Your first impression extends into your telephone manner or that of your staff. As your company grows, don’t forget that is calls in as well as out!
So what is good business dress and behaviour?
Your clothing should be appropriate for your work and your clients. So clothing must reflect your industry and status within that industry. For example if you sell real estate, you are in general selling your clients most expensive and personal possession. To establish trust over this, your presentation of yourself needs to be impeccable, from head to toe, and authentic.
To appear authentic you should wear clothes that reflect your personality, flatter your colouring and your shape and that you feel relaxed in. Your hair should be well cut, and a current style. Women should wear a small amount of well applied makeup; it shows attention to detail amongst other things.
Clothing should be reasonably up to date, fit well and not show an excess of flesh, it should be clean and well pressed. It should also reflect the level of your success, and the value of the properties or products you sell. If you sell multimillion dollar homes you should wear expensive clothing and drive a clean, good quality car. Your vendors will feel comfortable with you, as long as you don’t outshine them, in which case they may feel you over charge! An older car or clothing that looks dated or poor quality will reflect on your sales ability. If you are selling homes for example under $400,000, your clothing needs to be cared for in the same way but the styles and fabrics may be less designer. Your clients need to feel comfortable with you.
Selling other products may need a hands-on approach, so wearing clothing that allows this may be necessary, for example, boots and hard hat for factory and building sites, a warm jacket for outdoor visits. If you sell fashion clothing it’s important your dress sense reflects that you understand the brand and show your commitment to it, if you sell make up you need to wear it.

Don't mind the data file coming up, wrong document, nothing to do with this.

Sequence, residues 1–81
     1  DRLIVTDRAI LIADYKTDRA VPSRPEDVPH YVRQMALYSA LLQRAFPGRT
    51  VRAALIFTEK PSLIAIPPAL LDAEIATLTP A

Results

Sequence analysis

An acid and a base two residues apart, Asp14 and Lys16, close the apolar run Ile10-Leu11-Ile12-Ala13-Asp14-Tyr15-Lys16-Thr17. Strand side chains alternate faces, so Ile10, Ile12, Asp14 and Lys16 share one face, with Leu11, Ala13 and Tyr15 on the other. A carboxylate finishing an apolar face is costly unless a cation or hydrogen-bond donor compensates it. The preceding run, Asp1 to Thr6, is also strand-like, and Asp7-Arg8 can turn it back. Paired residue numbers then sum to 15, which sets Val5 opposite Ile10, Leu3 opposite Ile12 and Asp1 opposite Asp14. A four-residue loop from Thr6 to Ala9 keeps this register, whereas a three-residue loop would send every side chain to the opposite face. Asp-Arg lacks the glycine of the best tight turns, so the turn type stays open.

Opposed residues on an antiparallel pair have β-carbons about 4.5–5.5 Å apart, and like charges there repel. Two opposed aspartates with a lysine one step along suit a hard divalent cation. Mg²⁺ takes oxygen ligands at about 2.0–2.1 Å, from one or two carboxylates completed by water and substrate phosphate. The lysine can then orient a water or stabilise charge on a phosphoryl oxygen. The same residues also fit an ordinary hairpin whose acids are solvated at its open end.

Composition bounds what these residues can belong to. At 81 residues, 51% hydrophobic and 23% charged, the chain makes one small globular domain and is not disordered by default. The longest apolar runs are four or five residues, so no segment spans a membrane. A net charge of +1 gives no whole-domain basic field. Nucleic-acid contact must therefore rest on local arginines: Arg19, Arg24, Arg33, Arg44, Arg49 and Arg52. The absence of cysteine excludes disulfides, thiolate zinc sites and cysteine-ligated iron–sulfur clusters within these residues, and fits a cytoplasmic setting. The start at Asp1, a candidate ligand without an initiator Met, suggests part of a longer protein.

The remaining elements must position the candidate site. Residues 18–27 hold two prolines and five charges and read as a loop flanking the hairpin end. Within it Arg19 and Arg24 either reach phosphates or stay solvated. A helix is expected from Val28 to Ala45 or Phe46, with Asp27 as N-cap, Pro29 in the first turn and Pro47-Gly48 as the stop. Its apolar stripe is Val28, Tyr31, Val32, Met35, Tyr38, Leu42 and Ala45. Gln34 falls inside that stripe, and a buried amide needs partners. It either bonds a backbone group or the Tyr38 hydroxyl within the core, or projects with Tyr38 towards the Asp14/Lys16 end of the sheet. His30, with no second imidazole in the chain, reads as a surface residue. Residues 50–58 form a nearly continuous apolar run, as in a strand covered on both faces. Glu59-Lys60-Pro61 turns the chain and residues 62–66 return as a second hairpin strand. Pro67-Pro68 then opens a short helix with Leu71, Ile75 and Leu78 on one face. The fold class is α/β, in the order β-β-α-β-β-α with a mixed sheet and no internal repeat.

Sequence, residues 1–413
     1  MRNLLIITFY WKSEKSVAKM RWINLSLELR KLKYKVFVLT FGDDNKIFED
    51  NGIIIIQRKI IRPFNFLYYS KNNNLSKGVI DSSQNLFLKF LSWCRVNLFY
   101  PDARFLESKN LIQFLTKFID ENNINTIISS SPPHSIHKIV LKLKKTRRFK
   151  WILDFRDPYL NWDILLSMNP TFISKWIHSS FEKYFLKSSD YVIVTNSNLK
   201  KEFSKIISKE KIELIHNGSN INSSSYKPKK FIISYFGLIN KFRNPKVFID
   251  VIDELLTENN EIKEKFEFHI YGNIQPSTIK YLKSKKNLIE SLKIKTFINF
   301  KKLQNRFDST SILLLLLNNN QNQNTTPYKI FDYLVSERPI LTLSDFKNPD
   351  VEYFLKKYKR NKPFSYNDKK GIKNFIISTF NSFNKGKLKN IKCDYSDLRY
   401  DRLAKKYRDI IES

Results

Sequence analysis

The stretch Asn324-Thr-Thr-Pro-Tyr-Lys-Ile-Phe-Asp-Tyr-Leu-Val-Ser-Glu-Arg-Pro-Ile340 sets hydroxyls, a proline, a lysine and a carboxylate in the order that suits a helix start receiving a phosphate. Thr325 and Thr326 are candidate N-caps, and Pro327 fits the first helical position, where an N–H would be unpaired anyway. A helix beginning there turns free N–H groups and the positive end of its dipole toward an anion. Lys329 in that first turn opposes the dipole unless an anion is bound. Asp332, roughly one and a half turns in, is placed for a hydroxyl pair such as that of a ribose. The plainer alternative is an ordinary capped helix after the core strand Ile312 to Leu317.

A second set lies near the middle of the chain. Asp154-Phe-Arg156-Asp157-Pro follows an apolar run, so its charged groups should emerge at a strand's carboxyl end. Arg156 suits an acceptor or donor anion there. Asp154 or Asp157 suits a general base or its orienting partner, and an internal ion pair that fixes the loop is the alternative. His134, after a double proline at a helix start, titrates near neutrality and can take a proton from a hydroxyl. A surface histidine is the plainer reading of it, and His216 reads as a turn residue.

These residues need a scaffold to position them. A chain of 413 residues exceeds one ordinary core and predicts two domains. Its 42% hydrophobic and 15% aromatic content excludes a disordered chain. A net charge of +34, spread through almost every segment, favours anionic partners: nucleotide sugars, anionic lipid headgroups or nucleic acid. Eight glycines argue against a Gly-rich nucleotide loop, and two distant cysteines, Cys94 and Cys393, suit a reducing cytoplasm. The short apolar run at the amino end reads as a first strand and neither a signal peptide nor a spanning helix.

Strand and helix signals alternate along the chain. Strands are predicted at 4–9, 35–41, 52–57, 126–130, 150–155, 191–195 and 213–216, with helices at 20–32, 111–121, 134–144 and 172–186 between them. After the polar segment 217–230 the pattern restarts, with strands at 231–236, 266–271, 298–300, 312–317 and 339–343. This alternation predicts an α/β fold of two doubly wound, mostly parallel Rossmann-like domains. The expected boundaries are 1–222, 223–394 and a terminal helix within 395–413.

Body language as mentioned earlier is another vital part of this first impression. It’s crucially important that you appear confident and positive; nobody wants to deal with your problems as well as their own. Leave yours at home or in the car! A firm, dry handshake, not crushing or wet fish. A genuine smile and respect for your client go a long way towards building a good relationship. Also, don’t push into their space without invitation. By this, I mean don’t sit or put your materials onto the client’s desks, tables or anything else without checking first. Be careful with perfume and aftershave, you may not notice it but it may overwhelm others.
In your own space, when welcoming clients, please remember it is part of your brand, from the colours you choose to the artwork on the walls. The furniture and the organisation, or lack of, speaks volumes about how you conduct business. You may not notice dust on the shelves and mud on the carpet but others will.
When you are looking at your budget for setting up a business, build in an amount for your personal image and that of the staff within your marketing costs, and consider the brand of your premises. Try to look at your whole set up from someone else’s eyes!